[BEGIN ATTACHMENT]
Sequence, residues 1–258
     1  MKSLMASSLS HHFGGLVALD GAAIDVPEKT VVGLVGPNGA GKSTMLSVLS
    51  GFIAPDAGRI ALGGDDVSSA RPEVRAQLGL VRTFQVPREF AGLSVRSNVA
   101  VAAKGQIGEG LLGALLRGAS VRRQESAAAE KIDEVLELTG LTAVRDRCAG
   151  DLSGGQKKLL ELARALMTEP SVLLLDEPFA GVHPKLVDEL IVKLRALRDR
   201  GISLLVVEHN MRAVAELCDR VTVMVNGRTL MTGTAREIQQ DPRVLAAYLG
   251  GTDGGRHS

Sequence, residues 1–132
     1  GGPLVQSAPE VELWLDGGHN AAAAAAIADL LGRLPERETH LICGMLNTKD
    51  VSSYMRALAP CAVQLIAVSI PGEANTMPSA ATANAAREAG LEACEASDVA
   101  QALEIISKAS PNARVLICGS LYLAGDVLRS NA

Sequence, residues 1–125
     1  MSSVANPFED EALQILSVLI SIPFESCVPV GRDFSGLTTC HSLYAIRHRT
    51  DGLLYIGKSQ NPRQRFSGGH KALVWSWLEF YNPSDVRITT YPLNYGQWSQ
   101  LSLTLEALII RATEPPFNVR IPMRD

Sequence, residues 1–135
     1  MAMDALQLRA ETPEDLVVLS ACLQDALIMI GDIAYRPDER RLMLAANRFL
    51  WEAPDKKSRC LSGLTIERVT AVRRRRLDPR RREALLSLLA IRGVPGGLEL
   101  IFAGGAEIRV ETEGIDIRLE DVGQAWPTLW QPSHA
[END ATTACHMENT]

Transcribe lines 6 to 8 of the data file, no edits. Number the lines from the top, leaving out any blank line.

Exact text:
   201  GISLLVVEHN MRAVAELCDR VTVMVNGRTL MTGTAREIQQ DPRVLAAYLG
   251  GTDGGRHS

Sequence, residues 1–132